Ulmer, D. v. L.F. Driscoll Co. (memorandum)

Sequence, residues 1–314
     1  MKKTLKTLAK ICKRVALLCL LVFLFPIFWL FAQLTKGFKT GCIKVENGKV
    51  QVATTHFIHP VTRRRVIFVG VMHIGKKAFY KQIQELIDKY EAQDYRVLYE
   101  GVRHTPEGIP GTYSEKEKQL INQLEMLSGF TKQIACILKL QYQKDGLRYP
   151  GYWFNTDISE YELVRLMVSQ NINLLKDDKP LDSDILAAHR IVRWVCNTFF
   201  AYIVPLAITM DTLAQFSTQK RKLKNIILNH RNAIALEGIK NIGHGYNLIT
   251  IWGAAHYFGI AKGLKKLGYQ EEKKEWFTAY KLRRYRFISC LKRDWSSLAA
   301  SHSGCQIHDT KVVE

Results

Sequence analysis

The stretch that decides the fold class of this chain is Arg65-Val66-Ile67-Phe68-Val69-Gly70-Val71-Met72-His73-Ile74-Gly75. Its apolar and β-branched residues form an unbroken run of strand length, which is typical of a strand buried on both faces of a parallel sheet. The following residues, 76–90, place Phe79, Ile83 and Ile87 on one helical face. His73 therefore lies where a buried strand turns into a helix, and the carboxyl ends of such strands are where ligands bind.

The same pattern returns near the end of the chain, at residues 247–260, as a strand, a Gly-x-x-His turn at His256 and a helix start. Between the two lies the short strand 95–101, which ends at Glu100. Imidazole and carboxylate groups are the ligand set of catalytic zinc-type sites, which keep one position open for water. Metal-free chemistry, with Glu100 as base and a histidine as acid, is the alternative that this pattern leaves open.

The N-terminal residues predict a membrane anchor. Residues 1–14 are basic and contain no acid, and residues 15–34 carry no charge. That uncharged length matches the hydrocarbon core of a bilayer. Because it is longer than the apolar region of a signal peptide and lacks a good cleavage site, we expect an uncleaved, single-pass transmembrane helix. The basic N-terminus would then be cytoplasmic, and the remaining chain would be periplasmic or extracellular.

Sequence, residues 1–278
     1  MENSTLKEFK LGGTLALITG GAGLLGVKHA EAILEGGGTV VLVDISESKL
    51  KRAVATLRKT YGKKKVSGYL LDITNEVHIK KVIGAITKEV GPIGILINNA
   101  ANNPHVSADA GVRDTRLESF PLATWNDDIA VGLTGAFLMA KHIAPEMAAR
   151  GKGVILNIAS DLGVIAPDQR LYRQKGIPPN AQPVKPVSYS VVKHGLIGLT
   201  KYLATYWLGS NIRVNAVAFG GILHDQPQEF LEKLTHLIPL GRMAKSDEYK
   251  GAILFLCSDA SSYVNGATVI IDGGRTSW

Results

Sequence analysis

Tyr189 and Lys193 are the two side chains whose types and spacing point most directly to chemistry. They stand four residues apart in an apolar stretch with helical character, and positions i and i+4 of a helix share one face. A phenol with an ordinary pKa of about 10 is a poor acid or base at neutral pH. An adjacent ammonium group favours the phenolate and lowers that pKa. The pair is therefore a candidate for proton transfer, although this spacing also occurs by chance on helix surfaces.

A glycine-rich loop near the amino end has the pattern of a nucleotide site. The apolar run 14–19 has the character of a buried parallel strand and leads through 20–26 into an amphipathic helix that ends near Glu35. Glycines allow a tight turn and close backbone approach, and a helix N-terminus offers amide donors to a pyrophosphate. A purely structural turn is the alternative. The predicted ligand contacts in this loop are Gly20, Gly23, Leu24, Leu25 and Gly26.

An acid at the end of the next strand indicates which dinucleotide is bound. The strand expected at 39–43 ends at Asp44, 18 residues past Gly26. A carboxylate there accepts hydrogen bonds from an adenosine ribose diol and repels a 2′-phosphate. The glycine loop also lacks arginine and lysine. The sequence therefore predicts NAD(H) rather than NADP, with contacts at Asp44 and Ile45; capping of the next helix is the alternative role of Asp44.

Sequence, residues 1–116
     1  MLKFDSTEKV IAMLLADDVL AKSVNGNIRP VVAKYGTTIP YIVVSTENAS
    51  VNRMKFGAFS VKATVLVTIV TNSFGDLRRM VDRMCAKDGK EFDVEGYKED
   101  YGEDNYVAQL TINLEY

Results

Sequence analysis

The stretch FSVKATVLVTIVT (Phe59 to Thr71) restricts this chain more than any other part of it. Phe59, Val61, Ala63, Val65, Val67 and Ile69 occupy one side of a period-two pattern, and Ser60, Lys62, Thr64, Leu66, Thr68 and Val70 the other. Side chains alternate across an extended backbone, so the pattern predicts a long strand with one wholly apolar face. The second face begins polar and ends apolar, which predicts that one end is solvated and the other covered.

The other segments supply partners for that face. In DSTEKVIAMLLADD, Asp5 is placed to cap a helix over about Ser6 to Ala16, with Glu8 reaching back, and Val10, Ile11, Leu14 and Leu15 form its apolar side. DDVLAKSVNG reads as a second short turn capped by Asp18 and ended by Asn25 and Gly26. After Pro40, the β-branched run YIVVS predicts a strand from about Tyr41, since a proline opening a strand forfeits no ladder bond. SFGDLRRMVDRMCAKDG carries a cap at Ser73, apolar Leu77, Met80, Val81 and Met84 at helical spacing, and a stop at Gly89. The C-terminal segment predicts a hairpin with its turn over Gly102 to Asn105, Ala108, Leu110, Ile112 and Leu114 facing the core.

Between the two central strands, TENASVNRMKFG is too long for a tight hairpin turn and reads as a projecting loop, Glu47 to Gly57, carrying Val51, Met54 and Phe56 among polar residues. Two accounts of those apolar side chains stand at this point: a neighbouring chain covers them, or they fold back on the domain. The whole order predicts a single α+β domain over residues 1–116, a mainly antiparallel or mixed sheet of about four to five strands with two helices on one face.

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J-A20010-15 NON-PRECEDENTIAL DECISION – SEE SUPERIOR COURT I.O.P 65.37 DARRIN ULMER, : IN THE SUPERIOR COURT OF : PENNSYLVANIA Appellant : : v. : : L.F. DRISCOLL COMPANY AND : LLOCSIRD, INC. D/B/A LF DRISCOLL : COMPANY AND J.J. DON, INC. D/B/A : L.F. DRISCOLL COMPANY, : : Appellees : No. 2841 EDA 2013 Appeal from the Order September 24, 2013, Court of Common Pleas, Philadelphia County, Civil Division at No. October Term, 2009 No. 3603 BEFORE: DONOHUE, SHOGAN and WECHT, JJ. MEMORANDUM BY DONOHUE, J.: FILED AUGUST 17, 2015 Appellant, Darrin Ulmer (“Ulmer”), appeals following the trial court’s entry of a nonsuit at the close of his case-in-chief at trial. In this appeal, Ulmer challenges the entry of the nonsuit as well as other procedural and evidentiary rulings favoring Appellees, L.F. Driscoll Company et al. (“Driscoll”) and Philadelphia D&M, Inc. (“D&M”). For the reasons that follow, we reverse and remand for a new trial. Ulmer’s employer, ThyssenKrupp Elevator Corporation (“ThyssenKrupp”), was a subcontractor hired to build the elevators in the new Comcast Center in Philadelphia. Throughout the pendency of the construction project, ThyssenKrupp had moved elevator doors to upper floors in a horizontal position by two methods: an exterior hoist and service J-A20010-15 elevators located in the building’s garage and basement staging area. During the later stages of construction, these options became unavailable and Driscoll, the construction manager/general contractor, directed ThyssenKrupp to store the latest shipment of elevator doors in the high-rise elevator lobby. In this location, space limitations required the elevator doors to be stacked vertically. Approximately one month prior to the events in question here, D&M, another subcontractor, had at Driscoll’s instruction covered the granite floor of the high-rise elevator lobby with a temporary protective floor covering called Correx. On October 25, 2007, Ulmer, along with coworkers Robert Donsky (“Donsky”) and Daniel Dubeck (“Dubeck”), were tasked with moving elevator doors to upper floors of the building for installation. Because the elevator doors had been laid vertically, Ulmer, Donsky and Dubeck had to raise the doors to a horizontal position as they were loaded onto a cart for transportation. When Ulmer began tilting one elevator door, the bottom of it “kicked out” and fell to the ground, injuring Ulmer. On October 23, 2009, Ulmer commenced this negligence action against Driscoll, and on May 23, 2011, Driscoll joined D&M as a third party defendant. Prior to trial, Driscoll filed several motions in limine, including motions (1) to preclude Ulmer from introducing any evidence relating to the lack of availability of the exterior hoist, and (2) to preclude Ulmer’s expert -2- J-A20010-15 witness from testifying about Correx. The trial court granted both of these motions in limine. On January 23, 2013, at the close of Ulmer’s case-in-chief at trial, the trial court granted Driscoll’s motion for a nonsuit pursuant to Rule 230.1 of the Pennsylvania Rules of Civil Procedure, on the ground that Ulmer failed to establish the elements of a negligence claim against Driscoll. On February 4, 2013, Ulmer filed a motion to remove the nonsuit, but the trial court, per the Honorable Judge Gary Francis Di Vito, did not issue any ruling. Accordingly, on September 24, 2013, Ulmer filed a praecipe for entry of judgment, and two days later instituted this appeal. In response, Judge Di Vito did not issue an order pursuant to Rule 1925 of the Pennsylvania Rules of Appellate Procedure. After Judge Di Vito’s retirement from the bench, this case was assigned to the Honorable Judge Annette M. Rizzo, who issued an order pursuant to Rule 1925(a) and subsequently filed a written Rule 1925(a) opinion supporting Judge Di Vito’s rulings. On appeal, Ulmer presents five issues for our review consideration: 1. Did the trial court err as a matter of law or abuse its discretion when, after ruling pretrial that [Ulmer] could pursue a direct claim against [D&M], nine days into the presentation of the case to a jury[,] the trial court reversed course and sua sponte precluded [Ulmer] from pursuing such a direct claim? 2. Did the trial court commit legal error when it granted a nonsuit in favor of [Driscoll], which had introduced -3- and J-A20010-15 evidence in support of its affirmative defenses in [Ulmer’s] case-in-chief, in violation of the rule of Pennsylvania law that a nonsuit may not be entered in favor of a defendant that introduces evidence in support of its defenses during plaintiff’s case? 3. Viewing all of the evidence actually admitted and before the jury for its consideration at trial in the light most favorable to [Ulmer], did the trial court err or otherwise abuse its discretion in granting a nonsuit in favor of [] Driscoll on the basis that [Ulmer] had failed to introduce sufficient evidence for the jury to find that Driscoll’s negligence in directing that the elevator doors be staged and moved on Correx and in violating industry practices and standards resulting in Ulmer’s being placed in harm’s way[,] was the factual and legal cause of [Ulmer’s] injuries? 4. Did the trial court err or otherwise abuse its discretion in preventing [Ulmer] from introducing evidence that [] Driscoll had removed or prevented [Ulmer] from using every previously available safe means of access for staging and transporting elevator doors to higher floors of the building, which evidence had it been admitted would have unquestionably raised a jury question concerning whether Driscoll’s negligence was the factual and legal cause of [Ulmer’s] injuries? 5. Did the trial court err as a matter of law or abuse its discretion when it prohibited [Ulmer’s] liability expert, who had 54 years of experience and training in the construction industry relating to the moving and staging of heavy materials and temporary protective floor coverings, from offering any testimony to establish that Driscoll’s negligence was the factual and legal cause of [Ulmer’s] injuries? Ulmer’s Brief at 3-4.1 1 The issues have been renumbered for ease of disposition. -4- J-A20010-15 For his first issue on appeal, Ulmer claims that the trial court erred in reversing its prior ruling and denying him leave to file a direct claim against D&M. Id. at 63. D&M responds that a direct claim was barred by the applicable statute of limitations. D&M’s Brief at 7. In a reply brief, Ulmer argues that Rule 2255(d) of the Pennsylvania Rules of Civil Procedure authorized the filing of a direct claim against D&M. Ulmer’s Reply Brief at 27-28. Under Rule 2255(d), a plaintiff may recover directly from an additional defendant when the facts established at trial show that the additional defendant is liable to him or her either solely or jointly with the original defendant. Ribnicky v. Yerex, 701 A.2d 1348, 1351 (Pa. 1997); Sheriff v. Eisele, 112 A.2d 165, 166 (Pa. 1955). 202 Island Car Wash, L.P. v. Monridge Construction, Inc., 913 A.2d 922, 927 (Pa. Super. 2006); Moscatiello v. Pittsburgh Contractors Equipment Co., 595 A.2d 1198, 1203 (Pa. Super. 1991). Rule 2255(d) does not apply, however, when the applicable statute of limitations for the plaintiff to file suit has run at the time the third party defendant is joined to the action. Wnek v. Boyle, 96 A.2d 857, 858 (Pa. 1953); Dickson v. Lewandowski, 323 A.2d 169, 171 (Pa. Super. 1974) (where the statute of limitations had run, “Entry of judgment against both defendants on the verdict was proper, but that judgment may not be enforced by the plaintiffs against the additional -5- J-A20010-15 defendant.”); Richards v. Alston, 553 A.2d 488, 490-91 (Pa. Cmwlth. 1989). On appeal, Ulmer insists that the trial court, by permitting Driscoll to assert third-party claims against D&M, “already rejected [D&M’s] assertion that those claims were untimely.” Ulmer’s Reply Brief at 29-30. In at least two cases, however, Oviatt v. Automated Entrance System Co., Inc., 583 A.2d 1223 (Pa. Super. 1990) and Hughes v. Pron, 429 A.2d 9 (Pa. Super. 1981), this Court has rejected the argument that the statute of limitations in the underlying tort action has any effect upon a defendant's ability to add third-party defendants. In Oviatt, for example, the additional defendant argued that it could not be joined because the statute of limitations for a direct suit by plaintiff had expired. We disagreed, indicating that the statute of limitations applicable to the plaintiff’s underlying claim against the additional defendants has no effect on the original defendant’s ability to enforce a contribution claim against them. 1227. Oviatt, 583 A.2d at We did so because contribution is not a recovery for the tort committed against the plaintiff, but rather is “the enforcement of an equitable duty to share liability for the wrong done.” Id. In the trial court, Ulmer claimed that the applicable two-year statute of limitations for negligence actions, 42 Pa.C.S.A. § 5524, had not expired when he sought leave to file a direct claim because it had been tolled by the discovery rule. Motion for Leave to Assert a Direct Cause of Action, -6- J-A20010-15 1/2/2013, at 6. Because Ulmer has not raised (or even mentioned) the discovery rule on appeal, however, this argument is waived. See, e.g., Commonwealth v. Perez, 93 A.3d 829, 841 (Pa. 2014). Because a plaintiff may not add a new defendant after the statute of limitations has run, Anderson Equip. Co. v. Huchber, 690 A.2d 1239, 1241 (Pa. Super. 1997), and because on appeal Ulmer has not proffered any basis for us to conclude that the statute of limitation had not expired at the time he sought to assert a direct claim against D&M, we find no error in the trial court’s January 16, 2013 order denying Ulmer’s motion for leave to add D&M as an additional defendant. While Ulmer contends that he was prejudiced by the trial court’s January 16, 2013 order reversing its prior January 9, 2013 order granting the motion for leave, he cites to no authority to support the position that any such prejudice prevented the trial court from issuing the later order. To the contrary, D&M persuasively argues that it would have likewise been prejudiced if the trial court had not corrected its January 9, 2013 order that erroneously permitted the filing of a direct claim beyond the expiration of the statute of limitations. D&M’s Brief at 10-11. As a result, no relief is due on this issue. For his second issue on appeal, Ulmer argues that the trial court committed reversible error by granting a nonsuit even though Driscoll introduced evidence in Ulmer’s case-in-chief in support of its affirmative -7- J-A20010-15 defenses. Ulmer’s Brief at 30. Relying on Commonwealth v. Harnish, 732 A.2d 596 (Pa. 1999), Ulmer contends that the trial court “lacked the legal authority” to enter a nonsuit pursuant to Pa.R.C.P. 230.1. Id. at 32. The rule applied in Harnish was amended to eliminate its application in future cases. The version of Rule 230.1 applied in Harnish provided that nonsuit could only be considered “before any evidence on behalf of the defendant has been introduced.” In 2001, however, our Supreme Court amended Rule 230.1 to remove this language and to provide instead that “the court in deciding a motion for compulsory nonsuit will consider only evidence that was introduced by the plaintiff and any evidence favorable to the plaintiff introduced by the defendant prior to the close of the plaintiff’s case.” Pa.R.C.P. 230.1(a)(2). The explanatory comment to the 2001 amendment specifically referenced Harnish and made clear that henceforth “if the defendant presents evidence prior to the close of the plaintiff’s case, the court shall consider, in addition to the plaintiff’s evidence only that defense evidence which is ‘favorable to the plaintiff.’” Pa.R.C.P. 230.1 (2001 Explanatory Comment); see also Alfonsi v. Huntington Hosp., Inc., 798 A.2d 216, 220 n. 3 (Pa. Super. 2002) (stating that the new rule permits a court to consider a nonsuit even after the defendant has introduced -8- J-A20010-15 evidence); Brodowski v. Ryave, 885 A.2d 1045, n. 3 (Pa. Super. 2005) (same).2 Accordingly, Rule 230.1 no longer prohibits the entry of a nonsuit where the defendant introduces evidence during the plaintiff’s case-in-chief, so long as the trial court considers only the defense evidence that is favorable to the plaintiff. We note that Ulmer appears to have conceded this point, as in his reply brief he offered no response to Driscoll’s arguments regarding the post-Harnish amendment to Rule 230.1. For his third issue on appeal, Ulmer asserts that the trial court erred in entering a nonsuit at the close of his case-in-chief and in refusing to remove the nonsuit upon the filing of a motion to do so. Ulmer’s Brief at 33. In her Rule 1925(a) opinion in support of Judge Di Vito’s ruling, Judge Rizzo concluded that the evidence Ulmer introduced at trial demonstrated only that an accident happened, and left the jury “to speculate as to causation between an action of [Driscoll] and [Ulmer’s] injuries.” Trial Court Opinion, 9/5/2014, at 14. An order denying a motion to remove a nonsuit will be reversed on appeal if the trial court abused its discretion or committed an error of law. 2 Note that in a 2012 case, Keffer v. Bob Nolan’s Auto Service, Inc., 59 A.3d 621, 631-32 (Pa. Super. 2012), this Court appeared to cite Harnish with approval in deciding a nonsuit issue. While this decision probably should not have cited to pre-amendment authority, it nevertheless found that a nonsuit had properly been entered and thus did not apply the Harnish rule. -9- J-A20010-15 Kovalev v. Sowell, 839 A.2d 359, 368 (Pa. Super. 2003); Kuriger v. Cramer, 498 A.2d 1331, 1335 (Pa. Super. 1985). Nonsuit is proper where the plaintiff has not introduced sufficient evidence to establish the necessary elements to maintain a cause of action, and it is the duty of the trial court to make a determination prior to submission of the case to a jury. Poleri v. Salkind, 683 A.2d 649, 653 (Pa. Super. 1996). The plaintiff must be given the benefit of every fact and every reasonable inference arising from the evidence, and all conflicts in evidence must be resolved in plaintiff's favor. Eiser v. Brown & Williamson Tobacco Corp., 2006 WL 933384, at *5 (Pa. Super. Jan. 19, 2006). As indicated hereinabove, pursuant to Rule 230.1, if the defendant has introduced evidence, the trial court, in ruling on a motion for a nonsuit, will consider the defendant’s evidence only if it is favorable to the plaintiff. Alfonsi, 798 A.2d at 218 n.3. In this case, the issue turns on whether Ulmer introduced sufficient evidence to establish a causal link between Driscoll’s actions and his injuries. Causation is normally a question of law for the jury to decide, and it should be taken away from the jury only when reasonable minds could not differ. Hamil v. Bashline, 392 A.2d 1280, 1284 (Pa. 1978). In our view, reasonable minds could certainly differ with respect to whether Ulmer’s injury was caused by Driscoll’s decision to have ThyssenKrupp store the elevator doors (vertically) in the high-rise elevator lobby where the granite floor had been covered with Correx panels, and whether Ulmer’s accident - 10 - J-A20010-15 was the result of a failure of the Correx panels. Giving Ulmer the benefit of every fact and every reasonable inference arising from the evidence, the jury could have understood the testimony of Matthew Lilly (“Lilly”), a corporate representative of D&M, to establish: (1) that Driscoll ordered D&M to install Correx on the granite floor of the high-rise elevator lobby; (2) that Correx is not an appropriate floor covering for heavy materials, as it lacks “the proper integrity” for heavy materials, and it is instead commonly used for lightweight circumstances (e.g., to prevent wear from foot traffic); (3) that the Correx panels installed in the high-rise elevator lobby had a significant failure rate, requiring the replacement of 30 of the 120 panels placed there; and (4) that when staging and moving heavy objects, plywood should be placed on top of the Correx. N.T., 1/15/2013 PM, at 15-16, 2629, 41-42, 53-54, 66-70, 86-88. Likewise, the testimony of Ulmer, Donsky, and Dubeck provided the jury with information regarding what happened at the time of the accident, including Ulmer’s testimony that “it felt like the whole floor gave way.” N.T, 1/17/2013 PM, at 15. Donsky testified that he felt the floor move, and that he could feel the vibrations of the floor (“I felt the thing vibrate, like the floor, you know, I felt it. It moved.”). N.T., 1/14/2013 PM, at 67. When asked what caused Ulmer’s injuries, Donsky said, “I think it was the flooring, yes.” Id. at 84. Similarly, Dubeck testified that he heard the floor move, and it sounded “like a scraping noise.” - 11 - N.T, 1/14/2013 AM, at 62, 64. J-A20010-15 These fact witnesses, along with Kelly Longo (“Longo”), the ThyssenKrupp supervisor at the scene, also provided their observations of the Correx panels before and after the accident, including that after the accident (unlike before it) they could see gouge marks in the Correx. N.T., 1/11/2013 AM, at 68-69. Longo, among others, testified that the Correx panels were slippery. Id. at 61. Based upon this evidence, Ulmer presented sufficient evidence to submit the issue of causation to the jury, which could have concluded (even without substantial testimony from Ulmer’s expert) that Correx was an improper floor covering for the work Driscoll directed ThyssenKrupp’s employees to perform at that location, and that Ulmer’s injuries were caused by a foreseeable failure of the slippery Correx panels. As a result, the trial court erred in entering, and refusing to remove, the nonsuit against Ulmer, and we must therefore reverse the entry of judgment and remand for a new trial. Because we are remanding this case for a new trial, we must address the propriety of the trial court’s grants of two motions in limine filed by Driscoll prior to the first trial. For his fourth issue on appeal, Ulmer contends that the trial court erred in granting Driscoll’s motion in limine to exclude all evidence relating to the lack of availability of an exterior hoist to transport elevator doors at the time of Ulmer’s accident. Ulmer’s Brief at 52-55. According to Ulmer, Driscoll’s decision to store the elevator doors in the - 12 - J-A20010-15 high-rise elevator lobby was a proximate cause of his injuries, as it exposed him to a “serious, unnecessary risk” that could have been avoided if Driscoll had continued to make the exterior hoist available to ThyssenKrupp. Id. at 55. Our standard of review when the trial court has granted a motion in limine is the evidentiary abuse of discretion standard: Questions concerning the admissibility of evidence lie within the sound discretion of the trial court, and we will not reverse the court's decision absent a clear abuse of discretion. “An abuse of discretion may not be found merely because an appellate court might have reached a different conclusion, but requires a manifest unreasonableness, or partiality, prejudice, bias, or ill-will, or such lack of support so as to be clearly erroneous.” Parr v. Ford Motor Co., 109 A.3d 682, 690 (Pa. Super. 2014) (citations omitted), appeal denied, 2015 WL 3500130 (Pa. May 27, 2015). In Pennsylvania, a finding of negligence requires that actual causation be accompanied by proximate causation. See Reilly v. Tiergarten Inc., 633 A.2d 208, 210 (Pa. Super. 1993). Proximate causation is “a wrongful act which was a substantial factor in bringing about the plaintiff’s harm.” Eckroth v. Pennsylvania Elec., Inc., 12 A.3d 422, 428 (Pa. Super. 2010). “Pennsylvania law has long recognized that this substantial factor need not be … the only factor.” Jones v. Montefiore Hosp., 431 A.2d 920, 923 (Pa. 1981). However, “[i]t is not sufficient … that a negligent act may be viewed, in retrospect, to have been one of the happenings in the series of events - 13 - J-A20010-15 leading up to an injury.” Eckroth, 12 A.3d at 427 (quoting Brown v. Phila. College of Osteopathic Medicine, 760 A.2d 863, 868 (Pa. Super. 2000)). A determination of proximate cause requires the trial court to decide “whether the alleged negligence was so remote that as a matter of law, the defendant cannot be held legally responsible for the subsequent harm. Id. at 428. Put another way, the trial court must determine whether the injury would have been foreseen by an ordinary person as the natural and probable outcome of the act at issue. Holt v. Navarro, 932 A.2d 915, 921 (Pa. Super. 2007). We agree with the trial court that the lack of availability of the exterior hoists was not a proximate cause of Ulmer’s injuries. The mere removal of an alternative means of accomplishing a task cannot, without more, constitute a proximate cause of any injuries sustained thereafter. While the decision to store the elevator doors in the high-rise elevator lobby was an actual (“but for”) cause of Ulmer’s injuries, it was not a proximate cause of those injuries, as that inquiry requires an analysis of any negligence occurring in the high-rise elevator lobby itself (e.g., the vertical nature of the storage, the Correx floor covering, etc.). The use of the high-rise elevator lobby was “one of the happenings in the series of events leading up to” Ulmer’s injuries, but it was too remote as a matter of law to make Driscoll legally responsible for those injuries. Accordingly, it was within the trial - 14 - J-A20010-15 court’s province to conclude that evidence or testimony relating to the exterior hoist was either not relevant or was more prejudicial than probative. This Court’s decision in Novak v. Jeannette Dist. Memorial Hosp., 600 A.2d 616 (Pa. Super. 1991), illustrates the lack of proximate causation in this case. In Novak, a motorcyclist was killed when he was struck by a car that was exiting from the defendant hospital’s facility. There had been two exits from the hospital property, one centrally located and another on the westernmost part, but the westernmost exit had been closed due to construction. Id. at 617. The motorcyclist’s guardian contended that the westernmost driveway was a safer exit and that the defendant hospital’s decision to close it at the time of the accident created a hazardous condition by requiring vehicles to use the central driveway. Id. This Court disagreed, concluding that no proximate cause existed because to “believe that the accident in this case would have been avoided by a second driveway, even if the visibility from such driveway would have been superior, is to subsume probability in speculation.” “manner in which the Id. at 618. Instead, we indicated that the operators of the moving vehicles conducted themselves, rather than geography, was the effective and superseding cause of [plaintiff’s] injuries.” Id.3 3 We reject Ulmer’s insistence that Mammoccio v. 1818 Market Partnership, 734 A.2d 23 (Pa. Super. 1999), compels a contrary result. The Mammoccio case did not involve a finding of proximate cause based upon the defendant’s removal of a safer alternative, but rather proximate - 15 - J-A20010-15 Similarly, in this case, Driscoll’s removal of a “safer” alternative means of transporting the elevator doors was not the proximate cause of injuries sustained by Ulmer in the high-rise elevator lobby. A recovery by Ulmer must depend upon any negligence in the high-rise elevator lobby, which is for the jury on remand to decide. As such, we conclude that the trial court did not err in granting this motion in limine. For his fifth and final issue on appeal, Ulmer claims that the trial court erred in granting Driscoll’s motion in limine which precluded Ulmer’s expert witness, Stephen A. Estrin (“Estrin”) from testifying regarding the Correx floor covering, including its alleged movement, structural integrity, fitness for purpose, or use by Driscoll.4 Trial Court Order, 12/27, 2012, at 1-5. The threshold test for the admission of expert testimony is whether the proposed expert has some reasonable pretension to specialized knowledge of the subject matter at issue. See, e.g., Betz v. Pneumo Abex, LLC, 44 A.3d 27, 52 (Pa. 2012); Miller v. Brass Rail Tavern, Inc., 664 A.2d 525, 528 (Pa. 1995). If the expert satisfies this minimal causation where the only alternative provided (a ladder attached too closely to a wall) was itself defective and resulted in the plaintiff’s fall and injuries. Id. at 34-35. In the present case, Ulmer will have the burden to prove that the conditions in the alternative actually provided (the high-rise elevator lobby) were unsafe and caused his injuries. 4 The trial court’s order also prohibited Estrin from testifying about certain OSHA regulations (29 C.F.R. § 1926 et seq.), and various contractual issues in his report. Order, 12/27, 2012, at 1-5. Ulmer does not challenge these portions of the trial court’s order on appeal, and because they have not been preserved for appeal we will not address them herein. - 16 - J-A20010-15 requirement, he may testify and the weight to be given to such testimony is for the trier of fact to determine. Miller, 664 A.2d at 528; Commonwealth v. Gonzalez, 546 A.2d 26, 31 (Pa. 1988). A witness may render an expert opinion based on his training and experience, McDaniel v. Merck, Sharp & Dohme, 533 A.2d 436, 440 (Pa. Super. 1987), appeal denied, 551 A.2d 215 (Pa. 1988), and formal education on the subject matter of the testimony is not required. Reardon v. Meehan, 227 A.2d 667, 670 (Pa. 1967). In her Rule 1925(a) opinion, Judge Rizzo, citing to Judge Di Vito’s “painstaking analysis of Estrin’s expert report,” deferred to Judge Di Vito’s explanation for granting Driscoll’s motion in limine, as set forth in his December 26, 2012 order. Trial Court Opinion, 9/5/2014, at 8. In said order, Judge Di Vito indicated that he had conducted an “exhaustive review of Mr. Estrin’s report,” and based upon that review had concluded that no testimony regarding Correx would be permitted because Estrin had “performed no examination of the Correx, nor performed tests of any kind on the material.” Trial Court Order, 12/26/2012, at 3. Judge Di Vito further found that Estrin “offered nothing in the way of scientific support for his conclusions and opinions” and that he was relying “solely on exquisitely nonscientific information provided by others.” Id. While it is not necessary to decide whether Judge Di Vito in fact conducted a painstaking and/or exhaustive review of Estrin’s expert report, our review of the certified record suggests that Judge Di Vito mostly adopted - 17 - J-A20010-15 the characterization of Estrin’s report set forth in Driscoll’s motion in limine. Therein, Driscoll argued that Estrin’s opinions that the Correx had moved and lacked structural integrity were just speculation because he had taken “no measurements and conducted no scientific testing of any kind,” and instead “relies wholly on the testimony of other witnesses to draw his conclusion.” Motion in Limine to Preclude Testimony, 12/5/2012, at ¶¶ 27, 18. In this regard, Driscoll compared Estrin’s report to that of its own expert, Dr. Robert Cargill, whose opinion “contained scientific conclusions regarding the coefficient of friction between the subject door and floor covering material.” Id. ¶ 30. In Driscoll’s supporting memorandum of law, it likewise argued that Estrin should not be allowed to offer his opinions regarding Correx because he “took no measurements and conducted no testing to determine how or why the subject floor covering allegedly moved.” Memorandum of Law, 12/5/2012, at 14. Alternatively, Driscoll requested that the trial court conduct a hearing pursuant to Frye v. U.S., 293 U.S. 1013 (D.C. Cir. 1923) so that it could challenge Estrin’s lack of scientific methodology supporting his opinions. Id. at 20. As Ulmer made clear in opposing Driscoll’s motion in limine, however, Estrin’s expert testimony related to industry standards rather than scientific explanations for how or why the Correx moved or slid: Driscoll mistakenly avers that [Estrin] must prove that the floor covering moved at the time of [Ulmer’s] injury. Untrue. Fact witnesses will offer - 18 - J-A20010-15 testimony concerning their personal knowledge based on what they witnessed [and] occurred at the time of the accident. [Ulmer, Donsky and Dubeck] will offer testimony that the floor covering material moved, gouged, tore or slipped. The ThyssenKrupp foreperson, [Longo], will confirm and corroborate her knowledge that the floor moved on other occasions. It is for the jury to decide based on that testimony whether or not the floor covering material moved, gouged, tore or slipped. If the jury decides that the floor covering material did not then the jury may disregard [Estrin’s] opinion concerning the breach of industry standards in using that floor covering material for a staging area for heavy materials. If the jury finds that the floor covering material did, then the jury may further assess [Estrin’s] expert opinions in that regard. Plaintiff’s Answer to the Motion in Limine, 12/6/2012, at 7 (emphasis in original). Indeed, a review of Estrin’s expert report reflects that he does not offer any scientific opinion or other explanation for how or why the Correx moved or slid.5 At trial, Estrin testified that he has expertise in construction industry safety standards as a result of his 54 years as a union carpenter, foreman, superintendent, general contractor/construction manager, certified safety manager, and a provider of construction forensic services. 1/16/2013, at 13-19. N.T., In his report, he stated that “nonstructural floor coverings” are a known and identifiable safety risk, and that Driscoll should have, as part of its obligation to provide a safe work environment, employed 5 The report contains a section entitled “Cause (how and why) of the accident,” but it does not contain any scientific explanations and instead only reviews the deposition testimony of the ThyssenKrupp employees. - 19 - J-A20010-15 construction accident prevention measures (elimination, prevention, and control) in connection with said floor coverings. Motion in Limine to Preclude Testimony, 12/5/2012, Exhibit B. According to Estrin, Driscoll violated construction industry standards by, inter alia, creating three unsafe conditions at the worksite: The first unsafe condition that existed at the Comcast Center between October 18-25, 2007 was to be found on the loading dock, in which the exterior hoist could not be utilized by “Thyssenkrupp” employees to move the crates containing the elevator doors to the upper floors were [sic] were needed, necessitating that they be moved to the high-rise elevator lobby, at “Driscoll’s” direction. The second unsafe condition at the Comcast Center on October 25, 2007 was found to exist in the highrise elevator lobby, the protective floor covering, Correx, lacking structural integrity to support “Thyssenkrupp” employees and the elevator doors during movement to drywall cart(s) safely by virtue of it not being the specified Correx or its equal. The third unsafe condition that existed was that the perimeter edges of sheets were not taped, permitting the sheets to slide, move, when the elevator doors were being manually transferred to the drywall cart. Id. Testimony regarding the first unsafe condition would violate the trial court’s grant of the motion in limine relating to alternative means of transporting the elevator doors, which in response to Ulmer’s fourth issue on appeal we determine was not entered in error. The trial court had no basis, - 20 - J-A20010-15 however, to exercise its discretion to prohibit Estrin from testifying regarding the second and third unsafe conditions. On remand, Estrin should be permitted to offer his opinions, to the extent consistent with his expert report and based upon his construction industry experience and knowledge, as to whether Driscoll breached industry standards relating to the use of Correx in the high-rise elevator lobby as a staging area for the storage and transport of elevator doors. Estrin clearly satisfies the minimal requirement of possessing a “reasonable pretension to specialized knowledge of the subject matter at issue,” and his expert report is sufficiently detailed to provide an understanding of the nature of his possible testimony and the reasons for his opinions. Driscoll’s contentions regarding Estrin’s apparent lack of measurements, inspections, or testing of Correx in connection with his opinions goes to the weight the jury should place on his testimony, but do not constitute grounds for prohibiting its introduction. For these reasons, we reverse and remand for a new trial. Jurisdiction relinquished. Judgment Entered. Joseph D. Seletyn, Esq. Prothonotary Date: 8/17/2015 - 21 -